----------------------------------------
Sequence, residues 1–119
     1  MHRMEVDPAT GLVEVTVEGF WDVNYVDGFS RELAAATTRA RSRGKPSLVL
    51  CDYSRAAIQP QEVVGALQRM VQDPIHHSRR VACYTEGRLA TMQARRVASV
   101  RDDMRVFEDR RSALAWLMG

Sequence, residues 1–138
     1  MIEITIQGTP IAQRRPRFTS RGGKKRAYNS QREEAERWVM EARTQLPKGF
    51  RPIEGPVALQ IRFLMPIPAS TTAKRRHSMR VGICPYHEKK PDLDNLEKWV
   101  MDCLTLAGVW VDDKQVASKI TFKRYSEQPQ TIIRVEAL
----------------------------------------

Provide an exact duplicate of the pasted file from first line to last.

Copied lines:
Sequence, residues 1–119
     1  MHRMEVDPAT GLVEVTVEGF WDVNYVDGFS RELAAATTRA RSRGKPSLVL
    51  CDYSRAAIQP QEVVGALQRM VQDPIHHSRR VACYTEGRLA TMQARRVASV
   101  RDDMRVFEDR RSALAWLMG

Sequence, residues 1–138
     1  MIEITIQGTP IAQRRPRFTS RGGKKRAYNS QREEAERWVM EARTQLPKGF
    51  RPIEGPVALQ IRFLMPIPAS TTAKRRHSMR VGICPYHEKK PDLDNLEKWV
   101  MDCLTLAGVW VDDKQVASKI TFKRYSEQPQ TIIRVEAL